AirAsia’s India flights may take off by December-January
The aviation ministry is all set to approve as early as next week AirAsia India’s proposal to start airline operations in India and indications are that by December or early January, flights will take off. Tushar Srivastava reports.india Updated: Sep 19, 2013 03:15 IST
You could see AirAsia’s airline in India early in the new year, or with some luck, by the end of the year.
The aviation ministry is all set to approve as early as next week AirAsia India’s proposal to start airline operations in India and indications are that by December or early January, flights will take off, reliable sources said on Wednesday. This would mark the real start of the Tata group’s much-discussed entry into the airline industry through a joint venture.
The no-objection certificate (NoC) from the aviation ministry would pave the way for a December-January launch of the proposed low-cost passenger airline. Once cleared by the ministry, the deal will go to aviation regulator, the Directorate General of Civil Aviation (DGCA) for its approval.
“The process can be completed in a month’s time but it depends on the documentation. We have a 36-point checklist covering airworthiness and operational issues,” DGCA chief Arun Mishra said.
The airline would then need to submit a schedule to be approved by the regulator.
AirAsia India is a joint venture between Malaysian low-cost carrier AirAsia, the Tata Group and Arun Bhatia, a close relative of steel tycoon and ArcelorMittal chairman Lakshmi Mittal.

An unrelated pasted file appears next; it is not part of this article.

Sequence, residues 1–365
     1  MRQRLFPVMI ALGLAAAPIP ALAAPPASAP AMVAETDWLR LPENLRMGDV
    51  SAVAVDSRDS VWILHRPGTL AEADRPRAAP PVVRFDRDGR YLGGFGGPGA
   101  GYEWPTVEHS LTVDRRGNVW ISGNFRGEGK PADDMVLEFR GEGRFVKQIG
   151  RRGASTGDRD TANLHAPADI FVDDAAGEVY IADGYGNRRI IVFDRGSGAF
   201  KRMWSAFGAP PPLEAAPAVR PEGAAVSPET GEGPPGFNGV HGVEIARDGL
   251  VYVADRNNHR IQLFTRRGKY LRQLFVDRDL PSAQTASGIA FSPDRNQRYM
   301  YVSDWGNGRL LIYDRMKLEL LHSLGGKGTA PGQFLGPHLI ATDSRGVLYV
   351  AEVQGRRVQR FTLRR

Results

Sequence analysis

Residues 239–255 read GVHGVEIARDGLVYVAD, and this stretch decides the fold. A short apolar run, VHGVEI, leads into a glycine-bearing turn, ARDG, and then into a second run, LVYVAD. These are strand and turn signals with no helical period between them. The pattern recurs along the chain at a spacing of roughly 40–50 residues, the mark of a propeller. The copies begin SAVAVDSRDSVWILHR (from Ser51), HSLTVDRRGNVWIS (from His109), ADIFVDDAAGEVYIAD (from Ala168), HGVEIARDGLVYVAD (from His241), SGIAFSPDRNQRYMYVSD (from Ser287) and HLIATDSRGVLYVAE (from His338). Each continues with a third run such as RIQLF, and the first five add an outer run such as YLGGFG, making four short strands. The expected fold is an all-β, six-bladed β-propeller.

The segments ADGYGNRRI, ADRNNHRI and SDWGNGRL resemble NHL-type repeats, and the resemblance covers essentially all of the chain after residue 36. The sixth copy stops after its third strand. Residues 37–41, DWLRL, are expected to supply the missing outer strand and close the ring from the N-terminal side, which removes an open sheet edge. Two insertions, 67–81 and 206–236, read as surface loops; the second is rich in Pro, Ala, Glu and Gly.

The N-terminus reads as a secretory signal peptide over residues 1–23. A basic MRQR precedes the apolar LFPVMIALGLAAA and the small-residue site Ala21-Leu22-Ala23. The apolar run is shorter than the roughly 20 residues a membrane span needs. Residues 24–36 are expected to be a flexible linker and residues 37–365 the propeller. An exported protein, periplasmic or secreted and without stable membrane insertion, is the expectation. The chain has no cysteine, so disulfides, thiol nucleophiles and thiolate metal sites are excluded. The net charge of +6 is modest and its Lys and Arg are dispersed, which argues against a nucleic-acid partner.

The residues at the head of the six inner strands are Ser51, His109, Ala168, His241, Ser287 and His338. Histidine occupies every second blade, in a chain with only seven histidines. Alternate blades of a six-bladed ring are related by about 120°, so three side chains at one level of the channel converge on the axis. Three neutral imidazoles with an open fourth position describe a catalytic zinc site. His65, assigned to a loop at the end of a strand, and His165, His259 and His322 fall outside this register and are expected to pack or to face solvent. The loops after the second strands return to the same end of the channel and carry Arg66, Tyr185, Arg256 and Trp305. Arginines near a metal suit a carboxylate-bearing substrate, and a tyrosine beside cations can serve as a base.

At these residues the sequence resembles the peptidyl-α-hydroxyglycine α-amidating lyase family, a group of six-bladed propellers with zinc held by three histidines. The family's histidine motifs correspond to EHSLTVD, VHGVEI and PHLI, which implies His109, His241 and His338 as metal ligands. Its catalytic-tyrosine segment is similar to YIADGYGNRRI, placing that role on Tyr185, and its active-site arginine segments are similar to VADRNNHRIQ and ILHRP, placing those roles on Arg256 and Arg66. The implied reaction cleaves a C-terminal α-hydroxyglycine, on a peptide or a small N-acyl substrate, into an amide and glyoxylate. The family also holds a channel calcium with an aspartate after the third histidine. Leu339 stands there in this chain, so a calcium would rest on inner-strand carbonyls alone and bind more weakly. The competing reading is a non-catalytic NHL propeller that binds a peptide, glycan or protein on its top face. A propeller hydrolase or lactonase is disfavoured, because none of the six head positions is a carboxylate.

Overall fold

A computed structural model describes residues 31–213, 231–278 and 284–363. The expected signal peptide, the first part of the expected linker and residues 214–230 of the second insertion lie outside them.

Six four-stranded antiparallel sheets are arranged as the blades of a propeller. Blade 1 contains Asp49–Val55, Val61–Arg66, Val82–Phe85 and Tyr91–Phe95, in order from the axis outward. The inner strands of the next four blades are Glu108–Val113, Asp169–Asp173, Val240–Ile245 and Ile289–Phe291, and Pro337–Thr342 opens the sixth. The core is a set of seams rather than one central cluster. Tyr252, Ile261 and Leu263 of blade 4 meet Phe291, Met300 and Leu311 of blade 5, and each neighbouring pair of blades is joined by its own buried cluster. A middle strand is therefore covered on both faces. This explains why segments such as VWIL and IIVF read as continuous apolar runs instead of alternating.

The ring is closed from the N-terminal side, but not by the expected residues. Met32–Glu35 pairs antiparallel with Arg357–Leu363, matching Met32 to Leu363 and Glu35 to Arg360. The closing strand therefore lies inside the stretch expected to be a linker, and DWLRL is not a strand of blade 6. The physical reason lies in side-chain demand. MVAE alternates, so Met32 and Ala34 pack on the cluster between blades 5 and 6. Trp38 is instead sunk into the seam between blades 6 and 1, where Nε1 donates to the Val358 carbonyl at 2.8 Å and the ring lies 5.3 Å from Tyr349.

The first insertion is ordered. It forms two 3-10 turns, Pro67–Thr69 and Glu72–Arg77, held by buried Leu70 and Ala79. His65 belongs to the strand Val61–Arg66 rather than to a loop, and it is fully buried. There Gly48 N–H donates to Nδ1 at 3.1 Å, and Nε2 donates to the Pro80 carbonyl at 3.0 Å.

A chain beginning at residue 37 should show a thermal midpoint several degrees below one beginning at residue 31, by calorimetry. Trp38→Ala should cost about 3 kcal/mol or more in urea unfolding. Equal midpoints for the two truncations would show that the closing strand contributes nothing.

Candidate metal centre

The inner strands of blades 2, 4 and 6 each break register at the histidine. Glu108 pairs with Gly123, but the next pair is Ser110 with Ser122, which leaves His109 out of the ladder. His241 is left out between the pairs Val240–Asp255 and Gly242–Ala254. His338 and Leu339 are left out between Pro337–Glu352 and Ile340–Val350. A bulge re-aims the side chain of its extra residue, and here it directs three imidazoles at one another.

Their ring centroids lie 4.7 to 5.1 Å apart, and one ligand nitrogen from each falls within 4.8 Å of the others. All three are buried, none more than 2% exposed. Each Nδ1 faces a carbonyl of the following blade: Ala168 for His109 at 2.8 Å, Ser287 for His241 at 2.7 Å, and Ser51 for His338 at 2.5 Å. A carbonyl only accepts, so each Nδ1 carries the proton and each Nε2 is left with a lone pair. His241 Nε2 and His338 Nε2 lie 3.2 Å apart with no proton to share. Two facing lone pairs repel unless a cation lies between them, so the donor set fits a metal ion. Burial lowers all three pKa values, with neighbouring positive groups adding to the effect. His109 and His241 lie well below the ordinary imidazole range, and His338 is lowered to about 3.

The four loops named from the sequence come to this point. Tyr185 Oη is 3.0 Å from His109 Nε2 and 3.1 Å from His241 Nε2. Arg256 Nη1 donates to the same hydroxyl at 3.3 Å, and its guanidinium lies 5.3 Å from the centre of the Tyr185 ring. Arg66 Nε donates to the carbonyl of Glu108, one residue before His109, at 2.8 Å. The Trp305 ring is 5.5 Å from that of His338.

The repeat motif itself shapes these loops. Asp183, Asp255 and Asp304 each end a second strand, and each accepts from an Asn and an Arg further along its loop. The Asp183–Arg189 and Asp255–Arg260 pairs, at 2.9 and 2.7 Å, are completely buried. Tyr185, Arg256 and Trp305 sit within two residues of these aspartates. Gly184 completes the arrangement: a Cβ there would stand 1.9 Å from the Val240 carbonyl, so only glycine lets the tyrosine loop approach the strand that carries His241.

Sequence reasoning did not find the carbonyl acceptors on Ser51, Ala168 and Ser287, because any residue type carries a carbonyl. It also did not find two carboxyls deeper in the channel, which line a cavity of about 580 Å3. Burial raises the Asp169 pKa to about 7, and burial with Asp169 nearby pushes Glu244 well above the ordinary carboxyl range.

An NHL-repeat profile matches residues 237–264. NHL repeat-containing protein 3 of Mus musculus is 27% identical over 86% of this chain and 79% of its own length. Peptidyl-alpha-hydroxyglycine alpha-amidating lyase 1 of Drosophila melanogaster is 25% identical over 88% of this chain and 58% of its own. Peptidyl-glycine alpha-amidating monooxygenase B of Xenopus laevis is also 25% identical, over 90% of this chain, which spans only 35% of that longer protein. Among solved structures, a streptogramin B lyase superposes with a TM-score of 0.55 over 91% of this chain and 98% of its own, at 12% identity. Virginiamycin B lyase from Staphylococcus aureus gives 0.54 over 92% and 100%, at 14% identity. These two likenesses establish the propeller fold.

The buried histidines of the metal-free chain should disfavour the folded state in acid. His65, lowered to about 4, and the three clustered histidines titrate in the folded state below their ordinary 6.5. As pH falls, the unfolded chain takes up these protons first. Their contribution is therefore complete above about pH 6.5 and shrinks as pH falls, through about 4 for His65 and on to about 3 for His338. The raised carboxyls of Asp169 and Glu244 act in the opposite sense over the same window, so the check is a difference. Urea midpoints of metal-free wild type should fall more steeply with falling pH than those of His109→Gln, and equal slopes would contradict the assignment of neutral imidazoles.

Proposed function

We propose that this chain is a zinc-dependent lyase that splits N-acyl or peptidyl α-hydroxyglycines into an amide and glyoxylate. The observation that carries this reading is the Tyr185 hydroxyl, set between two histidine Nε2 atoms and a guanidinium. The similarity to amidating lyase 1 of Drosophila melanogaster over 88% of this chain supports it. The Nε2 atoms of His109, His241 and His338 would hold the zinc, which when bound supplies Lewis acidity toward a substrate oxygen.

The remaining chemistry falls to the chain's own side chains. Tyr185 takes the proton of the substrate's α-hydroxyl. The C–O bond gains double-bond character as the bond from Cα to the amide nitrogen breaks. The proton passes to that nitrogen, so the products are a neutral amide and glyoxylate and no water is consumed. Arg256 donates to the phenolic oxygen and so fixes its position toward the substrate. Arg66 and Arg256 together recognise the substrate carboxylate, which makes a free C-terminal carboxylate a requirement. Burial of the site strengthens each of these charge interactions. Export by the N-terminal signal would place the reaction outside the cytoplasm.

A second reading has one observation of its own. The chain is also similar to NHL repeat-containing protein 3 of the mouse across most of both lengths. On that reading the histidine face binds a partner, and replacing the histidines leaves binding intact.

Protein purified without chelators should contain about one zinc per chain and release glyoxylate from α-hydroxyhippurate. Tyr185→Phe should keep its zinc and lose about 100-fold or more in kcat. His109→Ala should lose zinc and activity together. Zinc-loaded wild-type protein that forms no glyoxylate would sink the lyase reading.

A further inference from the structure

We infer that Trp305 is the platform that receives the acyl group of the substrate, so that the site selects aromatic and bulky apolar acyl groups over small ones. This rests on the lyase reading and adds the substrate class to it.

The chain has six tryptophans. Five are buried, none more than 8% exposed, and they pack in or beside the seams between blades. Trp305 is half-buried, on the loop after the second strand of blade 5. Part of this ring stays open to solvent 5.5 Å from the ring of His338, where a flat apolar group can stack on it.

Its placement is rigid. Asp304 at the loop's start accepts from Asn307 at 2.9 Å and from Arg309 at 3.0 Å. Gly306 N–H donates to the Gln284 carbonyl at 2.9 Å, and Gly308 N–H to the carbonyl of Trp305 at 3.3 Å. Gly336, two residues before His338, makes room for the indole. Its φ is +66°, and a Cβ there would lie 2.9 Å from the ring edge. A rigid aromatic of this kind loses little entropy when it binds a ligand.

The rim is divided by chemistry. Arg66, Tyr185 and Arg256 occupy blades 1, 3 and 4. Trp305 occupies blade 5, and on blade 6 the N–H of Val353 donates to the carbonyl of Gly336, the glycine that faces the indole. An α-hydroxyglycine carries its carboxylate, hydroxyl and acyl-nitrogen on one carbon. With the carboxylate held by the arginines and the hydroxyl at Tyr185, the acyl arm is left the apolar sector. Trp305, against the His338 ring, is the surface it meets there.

While AirAsia will hold a 49% stake in the proposed airline, the Tatas and Arun Bhatia will hold 30% and 21%, respectively.
AirAsia is Asia’s largest low-cost carrier in terms of fleet size and with a route network that spans more than 20 countries “We expect AirAsia to launch operations by early 2014,” said Kapil Kaul, CEO , South Asia, Centre for Asia Pacific Aviation (Capa), an aviation consultancy firm. “The final schedule operator’s permit (SOP) will take closer to three months or more as DGCA follows a more rigorous process before granting SOP which includes multiple preparedness meetings/ reviews.”
AirAsia Group CEO Tony Fernandes has promised “nano fares” and has said that the revenue management of Indian carriers is “very poor” and fares “just too high”. Earlier this month, domestic carriers almost doubled fares on key routes after a hike in fuel prices. Indian carriers expect AirAsia to unleash a price war offering “the lowest of low fares”.
“AirAsia will have a positive impact on the Indian market as we will see more dynamic pricing strategies, innovative marketing and an aggressive commercial pitch,” said Kaul.